|Budget Amount *help
¥1,600,000 (Direct Cost : ¥1,600,000)
Fiscal Year 1991 : ¥800,000 (Direct Cost : ¥800,000)
Fiscal Year 1990 : ¥800,000 (Direct Cost : ¥800,000)
1.The aim of this study is to elucidate the meaning of the duality of the State finance in the Early Roman Empire (socalled Principate), such as we could find in the form of Aerarium and Fiscus, and the historical tranformation of the Fiscus as a State Chest.
2.As for the legal character of the Fiscus, the Severan jurist Ulpian states that the interdiction concerning public places does not apply to those places belong to the Fiscus, on the grounds that the property of the Fiscus is, as it were(quasi), private property of the Princeps(Digesta,43,8,2,4). This statement clearly shows Ulpian's understanding of the Fiscus, namely, that the properties of the Fiscus are public ones of which the Princeps as a private individual is in absolute control. After the survey of the historical process of the Fiscus as imperial treasury, it is intended to show that this dual character of the Fiscus is due to the character of the Princeps's control over the finances of the state, which can not be in stri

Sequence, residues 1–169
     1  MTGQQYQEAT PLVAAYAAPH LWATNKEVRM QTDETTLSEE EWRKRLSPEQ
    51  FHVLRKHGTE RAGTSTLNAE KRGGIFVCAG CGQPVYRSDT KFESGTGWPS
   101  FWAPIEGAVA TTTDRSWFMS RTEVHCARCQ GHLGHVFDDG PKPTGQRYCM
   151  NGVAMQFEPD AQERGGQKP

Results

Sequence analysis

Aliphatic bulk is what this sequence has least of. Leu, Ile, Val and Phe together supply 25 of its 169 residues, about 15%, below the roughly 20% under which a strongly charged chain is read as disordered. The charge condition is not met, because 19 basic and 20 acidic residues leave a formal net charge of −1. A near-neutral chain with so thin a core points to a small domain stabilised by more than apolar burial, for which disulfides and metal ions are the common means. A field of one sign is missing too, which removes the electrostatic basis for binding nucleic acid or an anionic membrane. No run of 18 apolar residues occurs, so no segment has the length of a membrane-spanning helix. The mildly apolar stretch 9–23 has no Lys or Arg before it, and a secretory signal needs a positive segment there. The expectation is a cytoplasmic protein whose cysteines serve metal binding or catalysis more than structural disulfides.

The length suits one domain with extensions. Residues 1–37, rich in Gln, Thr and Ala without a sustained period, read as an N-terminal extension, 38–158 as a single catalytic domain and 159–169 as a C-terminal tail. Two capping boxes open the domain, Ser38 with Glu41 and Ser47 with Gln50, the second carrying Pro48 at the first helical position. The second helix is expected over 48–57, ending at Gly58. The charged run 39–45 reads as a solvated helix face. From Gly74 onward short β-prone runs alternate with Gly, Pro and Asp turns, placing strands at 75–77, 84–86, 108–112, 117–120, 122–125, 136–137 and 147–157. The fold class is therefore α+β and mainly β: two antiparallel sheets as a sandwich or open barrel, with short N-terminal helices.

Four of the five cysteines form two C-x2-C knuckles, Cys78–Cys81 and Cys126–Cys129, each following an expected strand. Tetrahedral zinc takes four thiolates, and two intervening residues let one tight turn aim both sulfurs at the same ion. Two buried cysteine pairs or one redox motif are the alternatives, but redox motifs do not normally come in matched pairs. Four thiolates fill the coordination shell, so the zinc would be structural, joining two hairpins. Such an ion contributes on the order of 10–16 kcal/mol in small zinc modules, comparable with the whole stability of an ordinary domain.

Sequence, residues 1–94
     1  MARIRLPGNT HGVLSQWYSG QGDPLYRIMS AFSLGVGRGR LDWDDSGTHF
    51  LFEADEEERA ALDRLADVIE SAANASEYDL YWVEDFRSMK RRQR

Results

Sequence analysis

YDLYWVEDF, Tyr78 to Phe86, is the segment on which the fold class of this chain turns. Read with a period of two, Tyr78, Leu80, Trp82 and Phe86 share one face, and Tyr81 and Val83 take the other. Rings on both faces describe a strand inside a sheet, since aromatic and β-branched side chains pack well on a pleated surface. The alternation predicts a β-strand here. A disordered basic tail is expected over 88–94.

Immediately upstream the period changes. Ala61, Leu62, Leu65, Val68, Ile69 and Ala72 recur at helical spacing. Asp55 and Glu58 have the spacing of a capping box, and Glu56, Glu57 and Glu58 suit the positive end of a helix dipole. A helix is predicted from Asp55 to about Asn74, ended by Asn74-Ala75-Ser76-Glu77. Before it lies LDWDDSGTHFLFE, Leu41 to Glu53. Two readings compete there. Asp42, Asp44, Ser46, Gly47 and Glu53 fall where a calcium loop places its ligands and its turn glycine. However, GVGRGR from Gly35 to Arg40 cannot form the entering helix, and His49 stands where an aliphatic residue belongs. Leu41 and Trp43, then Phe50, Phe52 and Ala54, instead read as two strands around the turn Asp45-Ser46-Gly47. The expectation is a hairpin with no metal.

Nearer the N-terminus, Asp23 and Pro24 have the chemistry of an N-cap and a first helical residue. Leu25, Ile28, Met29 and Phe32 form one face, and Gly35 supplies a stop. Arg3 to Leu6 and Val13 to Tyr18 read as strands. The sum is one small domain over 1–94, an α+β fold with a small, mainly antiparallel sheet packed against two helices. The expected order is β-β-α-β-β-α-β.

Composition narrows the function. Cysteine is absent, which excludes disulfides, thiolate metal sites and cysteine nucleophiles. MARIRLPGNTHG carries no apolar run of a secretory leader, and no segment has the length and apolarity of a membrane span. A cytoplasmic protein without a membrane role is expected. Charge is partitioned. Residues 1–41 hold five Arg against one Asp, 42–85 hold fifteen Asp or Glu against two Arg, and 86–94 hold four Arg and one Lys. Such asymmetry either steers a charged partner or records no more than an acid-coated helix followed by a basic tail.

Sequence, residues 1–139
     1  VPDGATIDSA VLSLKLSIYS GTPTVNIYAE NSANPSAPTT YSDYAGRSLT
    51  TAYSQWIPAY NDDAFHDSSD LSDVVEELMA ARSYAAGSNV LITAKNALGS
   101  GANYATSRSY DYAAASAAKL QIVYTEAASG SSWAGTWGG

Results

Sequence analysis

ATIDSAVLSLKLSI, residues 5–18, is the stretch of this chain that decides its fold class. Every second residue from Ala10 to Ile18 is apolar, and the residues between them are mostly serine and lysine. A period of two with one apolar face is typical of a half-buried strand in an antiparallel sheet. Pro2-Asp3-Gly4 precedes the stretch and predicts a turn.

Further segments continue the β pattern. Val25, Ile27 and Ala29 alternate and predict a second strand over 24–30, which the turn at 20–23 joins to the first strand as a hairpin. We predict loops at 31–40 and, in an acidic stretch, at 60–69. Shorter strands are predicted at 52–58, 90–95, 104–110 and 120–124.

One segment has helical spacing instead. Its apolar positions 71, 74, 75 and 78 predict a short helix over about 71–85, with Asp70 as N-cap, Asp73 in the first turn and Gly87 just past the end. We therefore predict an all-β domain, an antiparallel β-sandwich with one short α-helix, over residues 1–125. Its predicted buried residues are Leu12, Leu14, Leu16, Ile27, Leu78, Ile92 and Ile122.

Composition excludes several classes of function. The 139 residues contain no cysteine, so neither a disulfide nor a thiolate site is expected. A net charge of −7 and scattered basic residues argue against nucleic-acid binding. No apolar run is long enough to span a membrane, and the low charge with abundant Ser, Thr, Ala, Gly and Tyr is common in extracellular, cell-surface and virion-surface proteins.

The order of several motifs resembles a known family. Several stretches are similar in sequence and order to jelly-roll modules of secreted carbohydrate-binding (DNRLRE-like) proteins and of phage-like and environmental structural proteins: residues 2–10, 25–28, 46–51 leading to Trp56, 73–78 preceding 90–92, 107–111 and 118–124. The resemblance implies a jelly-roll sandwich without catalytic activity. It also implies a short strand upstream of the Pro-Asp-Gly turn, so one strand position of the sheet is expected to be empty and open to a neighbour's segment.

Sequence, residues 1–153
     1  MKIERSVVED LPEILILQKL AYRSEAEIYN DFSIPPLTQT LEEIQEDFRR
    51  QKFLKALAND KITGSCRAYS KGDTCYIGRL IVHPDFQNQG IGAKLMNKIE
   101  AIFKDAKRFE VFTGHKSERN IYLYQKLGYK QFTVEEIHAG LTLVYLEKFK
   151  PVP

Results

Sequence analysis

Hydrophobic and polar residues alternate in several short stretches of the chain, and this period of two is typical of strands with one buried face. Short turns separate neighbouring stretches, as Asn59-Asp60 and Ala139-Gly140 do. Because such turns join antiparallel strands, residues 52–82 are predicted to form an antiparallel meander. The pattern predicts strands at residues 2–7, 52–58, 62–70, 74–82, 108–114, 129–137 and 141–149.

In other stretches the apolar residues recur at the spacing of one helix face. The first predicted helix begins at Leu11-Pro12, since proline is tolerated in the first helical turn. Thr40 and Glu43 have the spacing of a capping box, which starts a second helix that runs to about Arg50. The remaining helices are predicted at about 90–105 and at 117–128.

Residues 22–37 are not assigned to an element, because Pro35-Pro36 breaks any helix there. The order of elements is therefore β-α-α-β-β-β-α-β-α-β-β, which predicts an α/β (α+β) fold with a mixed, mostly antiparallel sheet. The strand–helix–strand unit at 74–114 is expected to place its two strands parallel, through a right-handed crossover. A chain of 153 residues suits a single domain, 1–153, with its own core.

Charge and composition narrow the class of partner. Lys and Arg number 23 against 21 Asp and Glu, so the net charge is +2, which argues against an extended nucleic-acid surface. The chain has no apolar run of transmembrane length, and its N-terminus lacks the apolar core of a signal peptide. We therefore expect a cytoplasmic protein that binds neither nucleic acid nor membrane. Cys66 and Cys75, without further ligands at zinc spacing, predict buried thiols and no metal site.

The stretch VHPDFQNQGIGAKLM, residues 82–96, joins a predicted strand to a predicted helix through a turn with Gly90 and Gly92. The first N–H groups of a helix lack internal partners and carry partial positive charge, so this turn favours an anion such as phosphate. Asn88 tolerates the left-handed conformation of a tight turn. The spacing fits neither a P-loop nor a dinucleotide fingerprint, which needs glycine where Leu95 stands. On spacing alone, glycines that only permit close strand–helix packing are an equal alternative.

ct law characterized as public or as private.
3.But the duality of the State finance was dissolved as the Fiscus was changed into the only State Chest while Aerarium as a State Chest actually disappeared by the Severan Age. This proves to be true because the confusion of the terms, Aerarium and Fiscus, is found in the text of the law at that time.
4.The various official posts which perform the administration and managmenet of the Fiscus known generically as Procurator Caesaris or Procurator Augusti(in inscriptions only), the title with the term Procurator, which is the technical term in Roman private law originally meaning a personal agent of individuals. As is commonly known, they became the nucleus in the official posts' system of Equestrian Order equivalent to the one of Senatorial Order through the Principate.
5.Therefore, when the duality of the State finance was dissolved in such a way, this also means the dissolution of the dual official posts' system which characterized the Principate by means of the "coexistence" of Senatorial Order and Equestrian Order. And this is what the another Severan jurist Paulus'legal theory - Imperial Procurators are absents owing to the service of the State(Digesta,4,6,35,2), really means - when it is located in the context of the Imperial constitutional history in the Principate. Less